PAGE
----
The pandemic has brought to light the “neglected middle child” of mental health. It’s called languishing…the absence of well-being. It may feel like “meh” – not great, but not awful.
A year into the pandemic, most of us have figured out new routines when it comes to work and home life. But what hasn’t escaped is the emotional toll that’s been exacted, something that exists between the joy of life at one end of the spectrum and outright depression at the other. As Wharton Professor Adam Grant describes in a recent article, it’s a “sense of stagnation…as if you’re muddling through your days.”
Not burnout and not hopelessness, just a bit in the fog. I’ve certainly felt that way at times. The name for this is languishing (often described as feeling “meh”). And until we open back up fully as a society, it seems an apt description to capture how many of us are doing (if we’re honest with ourselves).
How do we break out of this feeling? Research suggests that having a project that requires focus and allows you to immerse in it is a good way to restore what Grant calls “prepandemic happiness.” It’s definitely something we can do as individuals. It can be as simple as getting absorbed in a puzzle; my current favorite is the Spelling Bee. Yes, I can get lost in time trying to achieve “genius” status.
What to do When Your Team is Feeling "Meh
Is your medical team languishing? Get your team to work together on a new project to help build the practice is a great way to regain some sense of normalcy.
Focus on improving the patient experience in your practice to shake the feeling of meh.
My book Beyond Bedside Manner has 57 different ideas to consider. Here are several ideas inspired by the book that will help your team overcome the languishing that’s been so dominant this past year:
- “We are special because…” – Have everybody participate in a discussion where you list out all the ways your practice is special. Capture it all on a flipchart or computer. Look at this list and see what emerges in helping you define your USP (unique sales proposition). Want more ideas on being unique in your field?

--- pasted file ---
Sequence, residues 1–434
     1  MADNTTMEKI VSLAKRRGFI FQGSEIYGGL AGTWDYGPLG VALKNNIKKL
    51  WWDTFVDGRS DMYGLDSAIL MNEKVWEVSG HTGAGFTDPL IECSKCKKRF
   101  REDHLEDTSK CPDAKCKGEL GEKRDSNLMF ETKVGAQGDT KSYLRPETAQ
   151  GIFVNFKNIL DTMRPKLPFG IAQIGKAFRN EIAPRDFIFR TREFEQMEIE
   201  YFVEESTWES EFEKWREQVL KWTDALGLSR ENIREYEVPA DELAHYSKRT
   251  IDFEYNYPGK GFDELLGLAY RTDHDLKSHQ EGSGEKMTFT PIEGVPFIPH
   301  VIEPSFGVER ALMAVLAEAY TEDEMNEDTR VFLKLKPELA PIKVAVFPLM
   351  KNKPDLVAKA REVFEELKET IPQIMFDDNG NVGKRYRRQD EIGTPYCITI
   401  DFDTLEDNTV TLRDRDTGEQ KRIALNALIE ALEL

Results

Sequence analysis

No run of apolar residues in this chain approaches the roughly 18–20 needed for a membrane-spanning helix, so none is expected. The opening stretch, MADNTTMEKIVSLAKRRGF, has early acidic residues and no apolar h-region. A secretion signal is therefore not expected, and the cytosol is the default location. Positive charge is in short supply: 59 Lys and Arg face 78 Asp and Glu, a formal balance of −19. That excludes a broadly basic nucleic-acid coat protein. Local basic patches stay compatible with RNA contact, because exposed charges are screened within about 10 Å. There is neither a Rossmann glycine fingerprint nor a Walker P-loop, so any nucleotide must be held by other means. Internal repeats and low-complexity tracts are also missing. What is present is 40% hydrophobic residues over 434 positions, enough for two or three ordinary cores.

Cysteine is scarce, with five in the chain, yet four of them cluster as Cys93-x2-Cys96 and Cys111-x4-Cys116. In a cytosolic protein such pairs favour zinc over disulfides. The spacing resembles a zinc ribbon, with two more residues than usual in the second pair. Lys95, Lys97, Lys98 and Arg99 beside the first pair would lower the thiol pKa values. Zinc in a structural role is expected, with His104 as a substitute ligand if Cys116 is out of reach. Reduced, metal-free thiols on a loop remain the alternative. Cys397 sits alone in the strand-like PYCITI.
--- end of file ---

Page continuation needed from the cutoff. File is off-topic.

- Engaging the Senses – Take a single room and assess not just what you see (sight) but each of the five senses. Again, this is a great team exercise that will get the juices flowing around eliminating negative cues in the patient experience.
- Build a House – Take a day with the team and go help your local Habitat for Humanity chapter. This will do more to bond team members than a pure social gathering could achieve and is more rewarding than an all-day meeting. Investing in building your team is the foundational work that will pay huge dividends as you work to improve the experience for your patients.
Go From Languishing to Thriving
Make no mistake, there are practices that are absolutely flourishing even during the pandemic. Data from several sources suggest LASIK demand was up 30% in 2020 over the previous year. Anecdotally, I’m hearing that the elective category is up across refractive and aesthetics, in part because self-improvement is getting a higher priority when spending opportunities in other parts of people’s lives have been curtailed.
If you’re experiencing strong demand, that’s great. But either way, it’s time to check-in with your team and see how they’re doing…mentally and emotionally.